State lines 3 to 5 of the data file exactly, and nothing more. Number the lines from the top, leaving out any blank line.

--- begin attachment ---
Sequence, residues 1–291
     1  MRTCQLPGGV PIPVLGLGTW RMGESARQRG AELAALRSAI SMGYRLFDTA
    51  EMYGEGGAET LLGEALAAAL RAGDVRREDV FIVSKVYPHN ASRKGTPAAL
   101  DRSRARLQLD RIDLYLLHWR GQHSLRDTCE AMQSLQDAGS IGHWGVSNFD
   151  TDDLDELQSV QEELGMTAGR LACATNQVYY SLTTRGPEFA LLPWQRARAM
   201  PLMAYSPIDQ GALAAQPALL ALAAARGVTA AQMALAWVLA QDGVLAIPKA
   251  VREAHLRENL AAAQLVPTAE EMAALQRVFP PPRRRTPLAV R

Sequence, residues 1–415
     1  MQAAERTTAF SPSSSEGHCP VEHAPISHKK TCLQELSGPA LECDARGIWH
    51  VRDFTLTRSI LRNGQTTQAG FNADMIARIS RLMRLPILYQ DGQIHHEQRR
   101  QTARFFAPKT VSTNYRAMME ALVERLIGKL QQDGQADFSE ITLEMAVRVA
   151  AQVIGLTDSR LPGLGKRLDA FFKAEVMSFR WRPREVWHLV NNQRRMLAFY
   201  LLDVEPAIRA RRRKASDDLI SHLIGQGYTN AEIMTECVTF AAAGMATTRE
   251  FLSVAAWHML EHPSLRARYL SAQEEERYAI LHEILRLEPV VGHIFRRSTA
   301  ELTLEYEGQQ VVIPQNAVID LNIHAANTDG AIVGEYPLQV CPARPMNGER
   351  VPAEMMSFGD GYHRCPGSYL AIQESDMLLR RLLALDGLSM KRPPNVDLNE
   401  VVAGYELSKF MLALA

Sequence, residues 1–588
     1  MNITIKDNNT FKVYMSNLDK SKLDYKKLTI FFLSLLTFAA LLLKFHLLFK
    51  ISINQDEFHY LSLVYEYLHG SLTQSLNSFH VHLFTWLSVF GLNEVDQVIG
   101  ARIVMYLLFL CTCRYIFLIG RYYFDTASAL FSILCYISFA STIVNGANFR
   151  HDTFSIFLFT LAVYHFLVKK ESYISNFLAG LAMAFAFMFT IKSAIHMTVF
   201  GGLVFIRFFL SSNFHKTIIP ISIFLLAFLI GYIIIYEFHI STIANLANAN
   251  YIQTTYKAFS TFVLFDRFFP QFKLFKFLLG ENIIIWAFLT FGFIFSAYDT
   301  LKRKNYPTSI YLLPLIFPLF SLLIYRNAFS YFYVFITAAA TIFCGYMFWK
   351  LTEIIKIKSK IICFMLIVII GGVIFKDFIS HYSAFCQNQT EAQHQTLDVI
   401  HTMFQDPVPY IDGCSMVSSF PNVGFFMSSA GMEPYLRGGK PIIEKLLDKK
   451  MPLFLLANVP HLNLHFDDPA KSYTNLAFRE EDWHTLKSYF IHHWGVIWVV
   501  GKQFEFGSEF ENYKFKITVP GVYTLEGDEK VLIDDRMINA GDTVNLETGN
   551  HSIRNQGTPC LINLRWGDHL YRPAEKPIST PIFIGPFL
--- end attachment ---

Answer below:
    51  EMYGEGGAET LLGEALAAAL RAGDVRREDV FIVSKVYPHN ASRKGTPAAL
   101  DRSRARLQLD RIDLYLLHWR GQHSLRDTCE AMQSLQDAGS IGHWGVSNFD
   151  TDDLDELQSV QEELGMTAGR LACATNQVYY SLTTRGPEFA LLPWQRARAM